There’s very little in football that’s original anymore. Half of the innovation that we see is mostly just old stuff packaged in new ways or extra-ordinary physical specimens doing things that most of us can’t. Most of what I learn these days is just stuff that’s been around and hasn’t been known to me, rather than anything terribly unique or special. I suppose that’s kind of a massive understatement, but we’ll just ignore my linguistic talents.
Something that I was introduced to in the last year was TCU’s concept of formation recognition that they install with their boys. To quote Gary Patterson, HC and former DC of the Frogs, “We don’t worry about formations any more. When you divide the formation down the middle, to each side there are only three formations the offense can give the secondary.” It didn’t take long for the logic of Patterson’s statement to hit me and make me reconsider how I’ve always done formations. I’d say most defensive coaches have a system for naming formations that’s some combination of arbitrary, logical, and unique. Me, I’ve more or less stuck with my system we used in college, which varied from such logical formation names like Pro and Trips to arbitrary terms like Bombers and Lucky. In our defensive terminology, there were approximately 40 different terms you needed to learn in order to accurately describe the entirety of offensive formations. With Patterson’s system, there’s about 6, plus backfields, which makes maybe twelve or so.
How It Works
There are six combinations you need to think about: Tight end-flanker, split end-slot, nub tight end, single split end, tight end-slot-flanker, split end-slot-flanker. Typical 21 personnel (2 back, 1 tight end, 2 receivers) formations boil down to these options: TE-FL with a single SE, nub TE with SE-Slot, and SE-Slot with Single SE. Naming these formation halves (because you gotta name them SOMETHING at the end of the day) went like this for me:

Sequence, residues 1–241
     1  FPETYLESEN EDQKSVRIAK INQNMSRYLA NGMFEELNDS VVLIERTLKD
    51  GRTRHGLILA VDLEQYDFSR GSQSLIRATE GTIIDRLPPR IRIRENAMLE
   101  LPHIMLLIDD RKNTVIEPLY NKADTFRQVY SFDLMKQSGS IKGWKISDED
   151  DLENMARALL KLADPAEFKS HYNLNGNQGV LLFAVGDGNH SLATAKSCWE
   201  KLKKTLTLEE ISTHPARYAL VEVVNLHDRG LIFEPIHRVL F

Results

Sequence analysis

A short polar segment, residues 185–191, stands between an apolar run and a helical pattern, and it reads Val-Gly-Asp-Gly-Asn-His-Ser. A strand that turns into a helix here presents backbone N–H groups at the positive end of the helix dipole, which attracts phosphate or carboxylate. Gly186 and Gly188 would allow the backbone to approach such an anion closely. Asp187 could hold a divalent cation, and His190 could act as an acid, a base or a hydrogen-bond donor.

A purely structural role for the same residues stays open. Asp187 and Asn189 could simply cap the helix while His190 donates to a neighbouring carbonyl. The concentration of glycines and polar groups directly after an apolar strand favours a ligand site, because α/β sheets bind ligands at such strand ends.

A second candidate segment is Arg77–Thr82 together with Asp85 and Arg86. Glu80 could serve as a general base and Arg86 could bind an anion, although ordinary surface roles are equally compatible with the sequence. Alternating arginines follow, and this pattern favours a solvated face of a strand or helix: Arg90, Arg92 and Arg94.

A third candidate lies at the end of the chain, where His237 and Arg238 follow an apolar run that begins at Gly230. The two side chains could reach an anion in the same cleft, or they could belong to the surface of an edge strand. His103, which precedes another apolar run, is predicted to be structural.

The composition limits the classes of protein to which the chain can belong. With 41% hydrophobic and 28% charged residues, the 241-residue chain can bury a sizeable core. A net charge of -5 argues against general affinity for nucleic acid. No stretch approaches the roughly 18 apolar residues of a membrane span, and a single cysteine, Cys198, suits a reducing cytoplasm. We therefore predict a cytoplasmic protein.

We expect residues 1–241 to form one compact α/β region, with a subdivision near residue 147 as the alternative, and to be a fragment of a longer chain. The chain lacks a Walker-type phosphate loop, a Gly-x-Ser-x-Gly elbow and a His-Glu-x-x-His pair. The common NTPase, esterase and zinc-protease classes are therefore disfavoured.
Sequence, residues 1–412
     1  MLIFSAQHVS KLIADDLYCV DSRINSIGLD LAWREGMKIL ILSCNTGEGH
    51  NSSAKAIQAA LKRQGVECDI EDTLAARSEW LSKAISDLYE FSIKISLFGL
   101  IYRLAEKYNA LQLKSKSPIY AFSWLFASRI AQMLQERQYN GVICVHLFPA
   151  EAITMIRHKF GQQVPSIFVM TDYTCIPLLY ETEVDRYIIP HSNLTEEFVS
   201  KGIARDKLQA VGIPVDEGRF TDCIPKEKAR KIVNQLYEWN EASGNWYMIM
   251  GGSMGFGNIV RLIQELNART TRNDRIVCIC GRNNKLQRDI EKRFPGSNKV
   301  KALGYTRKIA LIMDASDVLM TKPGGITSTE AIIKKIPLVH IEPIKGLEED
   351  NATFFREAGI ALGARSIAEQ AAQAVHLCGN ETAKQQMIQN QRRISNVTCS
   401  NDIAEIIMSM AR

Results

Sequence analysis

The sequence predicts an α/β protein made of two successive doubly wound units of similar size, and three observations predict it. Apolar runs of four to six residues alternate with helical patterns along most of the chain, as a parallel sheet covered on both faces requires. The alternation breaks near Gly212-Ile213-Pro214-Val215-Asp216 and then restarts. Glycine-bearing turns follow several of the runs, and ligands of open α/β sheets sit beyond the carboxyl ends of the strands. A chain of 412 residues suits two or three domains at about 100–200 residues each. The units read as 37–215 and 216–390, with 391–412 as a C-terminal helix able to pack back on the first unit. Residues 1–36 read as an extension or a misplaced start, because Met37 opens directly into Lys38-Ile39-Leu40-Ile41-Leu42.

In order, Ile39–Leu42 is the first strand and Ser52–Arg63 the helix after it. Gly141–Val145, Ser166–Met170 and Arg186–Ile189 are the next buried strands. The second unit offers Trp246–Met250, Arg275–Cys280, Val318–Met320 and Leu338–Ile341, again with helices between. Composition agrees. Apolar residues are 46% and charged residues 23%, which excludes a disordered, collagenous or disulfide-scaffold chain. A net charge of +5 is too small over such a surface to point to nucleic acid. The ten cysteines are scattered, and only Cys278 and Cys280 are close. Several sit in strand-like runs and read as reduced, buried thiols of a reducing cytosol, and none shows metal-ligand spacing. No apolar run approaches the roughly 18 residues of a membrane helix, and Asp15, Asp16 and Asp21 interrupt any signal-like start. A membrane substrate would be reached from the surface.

o “Pro”: Tight End-Flanker
o “Twins”: Split End-Slot
o “Nub”: Solo TE
o “Single”: Solo SE
o “Trey”: TE-Slot-Flanker
o “Trips”: SE-Slot-Flanker
So, as the offense breaks the huddle, our two safeties (we’re a 2-high defense) recognize their receiving threats in front of them and call out the corresponding term to themselves, the corners, and OLBs (we’re a 3-4 so about 90% of our adjusting happens with safeties and OLBs). Hypothetically as you’re installing and teaching the defense, you teach your guys how to line up to each possibility and then it’s done. The hope is that in the span of maybe two days you teach your guys how to line up to pretty much everything they’re going to see and then you’re done with it, move on to more pressing matters.
This isn’t rocket science by any means and I don’t claim to have any special wisdom to it, but it is VERY good info and a superb approach to packaging and relating to formations in a way that is cheap, efficient, and flexible. Put the work in regarding your coverages and how you want to relate to the formation components and you’ll eventually have a very easy to teach, very package-able scheme that really works for your players and your coaches.